CHICAGO, July 9 (Reuters) - U.S. lean hog futures rose on Thursday as firmer cash markets for hogs and some pork products supported thinking that the market may have bottomed out after declining for much of 2020, traders said.
Chicago Mercantile Exchange (CME) August lean hog futures settled up 2.275 cents at 50.225 cents per pound, crawling back after dipping to a life-of-contract low of 47.525 cents on June 29.
Ample U.S. hog supplies have depressed hog and pork prices in recent months. But hog futures jumped on Thursday after the U.S. Department of Agriculture showed cash cutout prices for hams surging late on Wednesday to $54.22 per cwt, from $38.19 a day earlier.
“Lean hog futures are notably higher following an impressive increase in pork product prices Wednesday afternoon, suggesting that cheap prices are buying demand,” StoneX chief commodities economist Arlan Suderman wrote in a client note.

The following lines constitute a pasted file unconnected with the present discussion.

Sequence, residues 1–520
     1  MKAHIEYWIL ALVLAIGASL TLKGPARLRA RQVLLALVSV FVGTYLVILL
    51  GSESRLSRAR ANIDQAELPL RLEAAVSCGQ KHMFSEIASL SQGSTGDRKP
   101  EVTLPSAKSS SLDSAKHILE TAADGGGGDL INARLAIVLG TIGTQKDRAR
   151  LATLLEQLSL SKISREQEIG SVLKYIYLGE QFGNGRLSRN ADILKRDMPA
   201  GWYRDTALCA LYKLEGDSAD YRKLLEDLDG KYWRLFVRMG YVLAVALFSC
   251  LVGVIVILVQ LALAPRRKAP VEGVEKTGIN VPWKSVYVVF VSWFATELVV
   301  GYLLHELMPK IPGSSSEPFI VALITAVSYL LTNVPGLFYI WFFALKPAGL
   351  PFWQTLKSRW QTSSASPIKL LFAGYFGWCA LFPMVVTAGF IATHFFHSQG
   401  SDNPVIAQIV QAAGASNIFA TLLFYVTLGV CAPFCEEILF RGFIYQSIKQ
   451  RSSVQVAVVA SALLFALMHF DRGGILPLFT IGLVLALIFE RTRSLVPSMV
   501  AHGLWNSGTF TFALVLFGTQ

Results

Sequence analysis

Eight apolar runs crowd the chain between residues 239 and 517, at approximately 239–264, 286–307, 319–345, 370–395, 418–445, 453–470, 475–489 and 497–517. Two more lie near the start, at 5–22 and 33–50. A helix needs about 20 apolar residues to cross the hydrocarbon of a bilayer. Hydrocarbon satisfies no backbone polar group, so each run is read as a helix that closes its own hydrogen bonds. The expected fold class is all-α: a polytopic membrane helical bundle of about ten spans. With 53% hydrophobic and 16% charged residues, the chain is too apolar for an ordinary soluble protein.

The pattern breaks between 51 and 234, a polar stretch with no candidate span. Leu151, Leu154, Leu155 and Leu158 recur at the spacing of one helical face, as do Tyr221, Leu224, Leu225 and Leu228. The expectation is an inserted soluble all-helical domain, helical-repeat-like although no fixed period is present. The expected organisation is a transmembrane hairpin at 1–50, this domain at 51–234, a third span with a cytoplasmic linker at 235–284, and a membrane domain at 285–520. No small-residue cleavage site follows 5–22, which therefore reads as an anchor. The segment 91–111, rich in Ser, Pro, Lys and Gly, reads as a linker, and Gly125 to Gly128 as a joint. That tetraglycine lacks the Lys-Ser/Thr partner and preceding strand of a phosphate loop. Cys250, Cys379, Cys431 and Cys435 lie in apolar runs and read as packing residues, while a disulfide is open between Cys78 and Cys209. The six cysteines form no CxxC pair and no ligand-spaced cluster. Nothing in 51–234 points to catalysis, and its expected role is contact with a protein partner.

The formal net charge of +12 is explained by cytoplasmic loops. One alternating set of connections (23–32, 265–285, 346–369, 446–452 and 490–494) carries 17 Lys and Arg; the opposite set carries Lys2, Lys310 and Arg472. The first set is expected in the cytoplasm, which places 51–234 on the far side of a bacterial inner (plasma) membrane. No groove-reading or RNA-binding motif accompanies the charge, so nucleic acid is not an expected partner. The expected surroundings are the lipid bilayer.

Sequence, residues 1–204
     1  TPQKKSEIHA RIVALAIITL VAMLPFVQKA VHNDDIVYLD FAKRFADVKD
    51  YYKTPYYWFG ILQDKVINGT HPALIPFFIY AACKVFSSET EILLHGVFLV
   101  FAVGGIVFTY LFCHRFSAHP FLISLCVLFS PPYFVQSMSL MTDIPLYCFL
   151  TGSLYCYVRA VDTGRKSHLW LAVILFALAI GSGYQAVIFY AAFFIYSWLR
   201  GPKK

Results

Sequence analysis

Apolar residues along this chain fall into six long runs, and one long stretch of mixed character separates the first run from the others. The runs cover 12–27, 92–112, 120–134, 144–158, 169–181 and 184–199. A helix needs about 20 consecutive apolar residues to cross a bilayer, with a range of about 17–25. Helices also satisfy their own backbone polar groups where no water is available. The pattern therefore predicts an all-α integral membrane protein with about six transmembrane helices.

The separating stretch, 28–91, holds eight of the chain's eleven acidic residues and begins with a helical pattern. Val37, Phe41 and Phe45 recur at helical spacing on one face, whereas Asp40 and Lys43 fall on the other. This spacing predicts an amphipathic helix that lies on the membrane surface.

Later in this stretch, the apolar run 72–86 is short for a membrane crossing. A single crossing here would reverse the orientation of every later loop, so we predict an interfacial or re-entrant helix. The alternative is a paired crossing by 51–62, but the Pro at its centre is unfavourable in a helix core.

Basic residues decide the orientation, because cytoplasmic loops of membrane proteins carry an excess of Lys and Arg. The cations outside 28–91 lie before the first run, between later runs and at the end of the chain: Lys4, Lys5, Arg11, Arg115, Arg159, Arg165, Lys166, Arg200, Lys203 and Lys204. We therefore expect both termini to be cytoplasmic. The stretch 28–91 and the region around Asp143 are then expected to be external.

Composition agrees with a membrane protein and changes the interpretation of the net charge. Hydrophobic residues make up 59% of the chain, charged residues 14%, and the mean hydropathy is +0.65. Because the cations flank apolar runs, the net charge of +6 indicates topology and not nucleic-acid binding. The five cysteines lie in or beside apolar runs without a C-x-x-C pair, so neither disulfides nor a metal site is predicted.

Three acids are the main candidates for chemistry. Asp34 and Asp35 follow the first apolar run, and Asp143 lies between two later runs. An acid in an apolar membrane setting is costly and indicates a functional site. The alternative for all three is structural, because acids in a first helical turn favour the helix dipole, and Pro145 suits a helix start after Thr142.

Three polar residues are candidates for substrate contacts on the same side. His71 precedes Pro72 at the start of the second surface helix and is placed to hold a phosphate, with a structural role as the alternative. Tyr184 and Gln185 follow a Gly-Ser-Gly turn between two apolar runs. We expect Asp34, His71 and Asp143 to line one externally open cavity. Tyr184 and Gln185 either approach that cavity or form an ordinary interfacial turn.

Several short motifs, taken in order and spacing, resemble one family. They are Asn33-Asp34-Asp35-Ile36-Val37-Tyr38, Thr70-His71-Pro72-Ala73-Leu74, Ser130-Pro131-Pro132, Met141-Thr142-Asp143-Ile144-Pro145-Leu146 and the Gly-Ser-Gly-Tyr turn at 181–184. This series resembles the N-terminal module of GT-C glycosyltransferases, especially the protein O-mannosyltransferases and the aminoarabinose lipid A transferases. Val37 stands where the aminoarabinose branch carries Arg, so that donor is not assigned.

Also, cash hog prices in the closely watched Iowa and southern Minnesota market rose by $1.72, according to the USDA, a move some saw as a bullish signal.
“People are probing for a bottom in this hog market,” said Dan Norcini, an independent livestock trader.
CME live cattle futures closed modestly higher on expectations for steady to firmer cash cattle prices this week, but uncertainty about beef demand hung over the market, capping rallies.
Prices for choice cuts of boxed beef on Thursday afternoon declined 24 cents to $203.59 per cwt and select cuts fell $0.69 to $194.83 per cwt, according to the USDA.
“Beef demand in the middle of the summer is generally not good,” Norcini said.
CME August live cattle settled up 0.100 cent at 99.250 cents per pound. August feeder cattle rose 0.475 cent to 134.525 cents per pound.
Traders await the USDA’s monthly agricultural supply/demand reports on Friday. (Reporting by Julie Ingwersen; Editing by Tom Brown)
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